With hunting season just around the corner, now is the time to make some last minute blind adjustments that will ensure better success this hunting season. A comfortable elevated box blind will help conceal your movements and your scent while providing optimum visibility and a stable shooting rest. Blind placement is critical, but so are the mechanics of a good box blind.
The first order of business is pretty obvious - make it large enough to be comfortable and enclosed enough to conceal your movements. Honestly, camo clothing is not required to hunt elevated box blinds, but everyone does it. Second, the window size and arrangement is critical for optimum visibility. If the windows are too high from top to bottom, your body movements will be visible from afar. The height of the windows should be just enough to allow your scoped rifle easy access without hitting the frame. The length of the windows should offer a nice panoramic view of your surroundings so that you are not
constantly shifting your body from side to side to peer outside. Windows that are long, skinny rectangles offer maximum visibility and concealment with minimum movement by the observer.
Having a dark background behind you also maximizes the concealment of movement and will keep you from being silhouetted by wary game. Sitting in front of the latched door, tucking into the corner, or the use of dark fabric curtains will help in these regards. Having a comfortable chair sounds too simple, but you might be surprised how many people still use five gallon buckets and rejected deer camp chairs in their blinds. A good quality chair will allow you to sit motionless and quieter much longer and therefore improve your chances for success. The chair height must also be coordinated with the window height to maximize visibility and minimize movement as well.
And finally, considerations of WHO is to hunt with you are important. If you plan to have others in the blind with you, they too will need space, concealment and a quality chair and it must meet their height requirements when it comes time to shoot out the windows. It doesn’t make sense to do everything right only to realize the hunter must sit on someone’s lap or on six phone books in order to get a shot off. These simple steps will make the hunt much more enjoyable and successful for everyone.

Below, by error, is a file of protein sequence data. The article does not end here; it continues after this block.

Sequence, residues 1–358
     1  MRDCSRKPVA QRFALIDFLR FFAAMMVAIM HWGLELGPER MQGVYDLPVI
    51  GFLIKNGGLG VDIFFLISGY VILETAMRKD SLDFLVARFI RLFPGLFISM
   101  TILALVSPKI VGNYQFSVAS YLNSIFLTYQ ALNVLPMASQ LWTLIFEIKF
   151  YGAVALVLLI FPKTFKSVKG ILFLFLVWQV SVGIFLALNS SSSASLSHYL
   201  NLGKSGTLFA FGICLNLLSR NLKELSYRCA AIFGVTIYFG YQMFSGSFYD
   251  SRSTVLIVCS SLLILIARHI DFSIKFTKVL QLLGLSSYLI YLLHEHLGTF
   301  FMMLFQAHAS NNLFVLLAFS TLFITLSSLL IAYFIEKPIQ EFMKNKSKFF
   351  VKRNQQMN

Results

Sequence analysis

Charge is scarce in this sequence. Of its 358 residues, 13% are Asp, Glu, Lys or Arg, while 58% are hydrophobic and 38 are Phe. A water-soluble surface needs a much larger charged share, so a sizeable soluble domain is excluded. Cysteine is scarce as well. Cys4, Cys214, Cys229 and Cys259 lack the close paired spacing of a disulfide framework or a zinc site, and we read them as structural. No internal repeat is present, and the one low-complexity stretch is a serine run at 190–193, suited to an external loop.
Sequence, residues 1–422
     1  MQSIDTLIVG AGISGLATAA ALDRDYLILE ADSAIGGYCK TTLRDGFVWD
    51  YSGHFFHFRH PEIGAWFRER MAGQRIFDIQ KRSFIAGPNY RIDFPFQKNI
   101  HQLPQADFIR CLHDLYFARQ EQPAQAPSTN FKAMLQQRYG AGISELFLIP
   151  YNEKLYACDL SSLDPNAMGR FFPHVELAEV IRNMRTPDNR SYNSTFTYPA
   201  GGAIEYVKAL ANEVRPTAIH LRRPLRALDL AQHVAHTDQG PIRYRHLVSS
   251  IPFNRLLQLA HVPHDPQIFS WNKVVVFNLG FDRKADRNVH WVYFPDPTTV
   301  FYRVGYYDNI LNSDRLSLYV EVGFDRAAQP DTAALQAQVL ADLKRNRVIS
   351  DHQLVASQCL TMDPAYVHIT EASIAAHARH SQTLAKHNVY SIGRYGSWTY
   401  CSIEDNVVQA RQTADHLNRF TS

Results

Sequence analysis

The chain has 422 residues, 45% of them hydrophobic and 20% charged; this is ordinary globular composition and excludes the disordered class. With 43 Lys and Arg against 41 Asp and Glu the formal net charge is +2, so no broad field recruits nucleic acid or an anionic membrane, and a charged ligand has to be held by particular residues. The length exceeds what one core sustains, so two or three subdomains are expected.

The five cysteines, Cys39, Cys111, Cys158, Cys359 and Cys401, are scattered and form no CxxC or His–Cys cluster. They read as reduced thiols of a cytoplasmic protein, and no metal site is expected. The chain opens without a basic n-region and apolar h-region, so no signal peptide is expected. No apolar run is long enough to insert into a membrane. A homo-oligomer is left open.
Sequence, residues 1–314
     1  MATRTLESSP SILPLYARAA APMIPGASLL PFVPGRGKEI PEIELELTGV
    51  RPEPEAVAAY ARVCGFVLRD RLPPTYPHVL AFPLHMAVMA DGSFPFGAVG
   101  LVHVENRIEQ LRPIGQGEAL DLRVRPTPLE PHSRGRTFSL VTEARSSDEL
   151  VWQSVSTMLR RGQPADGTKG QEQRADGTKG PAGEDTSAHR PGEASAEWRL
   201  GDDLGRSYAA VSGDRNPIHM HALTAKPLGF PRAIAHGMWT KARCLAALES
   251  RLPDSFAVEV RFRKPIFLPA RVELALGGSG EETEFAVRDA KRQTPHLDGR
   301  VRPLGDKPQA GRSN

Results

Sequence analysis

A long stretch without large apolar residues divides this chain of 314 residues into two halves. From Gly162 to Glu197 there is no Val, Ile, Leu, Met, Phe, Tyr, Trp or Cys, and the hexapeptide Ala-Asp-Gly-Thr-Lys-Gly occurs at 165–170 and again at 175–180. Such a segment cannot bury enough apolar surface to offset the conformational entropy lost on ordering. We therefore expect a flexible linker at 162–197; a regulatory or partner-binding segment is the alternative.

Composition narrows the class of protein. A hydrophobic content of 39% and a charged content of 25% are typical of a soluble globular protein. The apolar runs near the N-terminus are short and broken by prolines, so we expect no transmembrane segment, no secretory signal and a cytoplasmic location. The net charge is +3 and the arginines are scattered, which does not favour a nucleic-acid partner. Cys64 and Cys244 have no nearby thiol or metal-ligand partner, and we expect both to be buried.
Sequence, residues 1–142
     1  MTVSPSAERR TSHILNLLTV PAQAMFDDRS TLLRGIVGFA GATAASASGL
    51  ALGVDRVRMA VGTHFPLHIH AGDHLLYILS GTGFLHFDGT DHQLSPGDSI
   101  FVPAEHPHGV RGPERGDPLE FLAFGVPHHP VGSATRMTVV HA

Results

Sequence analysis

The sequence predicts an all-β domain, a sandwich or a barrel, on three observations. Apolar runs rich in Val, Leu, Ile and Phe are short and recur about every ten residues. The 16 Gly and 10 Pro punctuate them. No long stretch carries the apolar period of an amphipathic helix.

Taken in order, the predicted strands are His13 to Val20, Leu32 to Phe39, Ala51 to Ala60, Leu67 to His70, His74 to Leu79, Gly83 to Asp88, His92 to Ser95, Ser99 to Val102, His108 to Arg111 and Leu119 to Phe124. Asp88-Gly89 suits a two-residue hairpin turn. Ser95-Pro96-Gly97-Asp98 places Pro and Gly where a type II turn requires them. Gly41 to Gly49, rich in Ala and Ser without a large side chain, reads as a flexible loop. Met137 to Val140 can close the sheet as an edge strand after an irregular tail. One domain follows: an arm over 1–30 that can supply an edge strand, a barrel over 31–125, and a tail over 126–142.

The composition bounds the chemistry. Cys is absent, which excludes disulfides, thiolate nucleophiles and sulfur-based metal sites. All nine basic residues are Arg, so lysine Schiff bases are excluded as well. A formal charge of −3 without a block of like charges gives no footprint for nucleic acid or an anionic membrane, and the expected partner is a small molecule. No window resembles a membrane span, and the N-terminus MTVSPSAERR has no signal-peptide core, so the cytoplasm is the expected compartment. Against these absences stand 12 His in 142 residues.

Blind placement is one of the most overlooked segments of deer hunting that I regularly encounter. When selecting a location, don’t think like a human, but like that of a deer. Oftentimes, placing the blind for convenience is much different than placing it where it may offer the best chance for success. Deer, particularly mature bucks, use travel corridors -- edges, drainages, creeks, tree lines and other screening covers to get from one place to the next. Outside of the rut and the resulting brief lapse of intelligence, mature bucks stick close to such landscape features to offer maximum concealment as they travel. A well placed blind will be able to observe these corridors, perhaps more than one simultaneously, at a safe enough distance to avoid detection by the quarry yet offering a high percentage shot.
Placing the blind too close to travel or feeding locations (such as feeders or food plots) will disrupt the animal’s daily routine and minimize success significantly. Feeders should offer protective cover to and from them as well. Feeders in the wide open offer no such protection and create deer activity only under the cover of darkness.
Obviously, prevailing wind direction must also be taken into consideration. Locating your feeders and food plots cross-wind, or down-wind from travel and feeding areas will ensure the best chance of success, and such locations must only be hunted when the winds are favorable. Hunting these locations when the winds are “not right” will only educate the animals and make them more wary of the area.
Outside of the rut, most mature bucks will approach a feeding location downwind to scent-check the area for danger, and for hot does before exposing themselves. If your blind is too close to the feeder, the buck will approach downwind of you as well as the feeder and you will be busted. If your blind is too far, you won’t be able to make an accurate shot. Since “how far is too far” is highly variable, try to take into account your actual abilities and place the blind as far away from the feeder as you can confidently make the shot.
An often overlooked part of deer blinds is anchoring them to the ground. The winds are not always calm, so making sure your blind will be there next hunting season is a must. Tie-downs, anchors, guy wires, concrete posts and t-posts are required to not only keep your blind upright, they will also help keep the blind steady when the moment of truth arrives and you have to make the shot.
There is an unwritten rule among ethical hunters and landowners that states that no hunting blind will be placed along property lines. The appropriate distance requires common sense based on topography, habitat, line-of-sight and shooting direction. The same holds true for feeder placement. No neighboring landowner should be able to see your feeders or blinds and you should not be able to see theirs. If your property is small and irregular shaped, hunt only the center and perhaps a tower blind is not for you. If your property is large, concentrate on travel corridors away from the boundary line and out of sight of the neighbors. Common sense and blind location not only makes hunting a safer and more enjoyable sport, but makes for much better neighbors as well.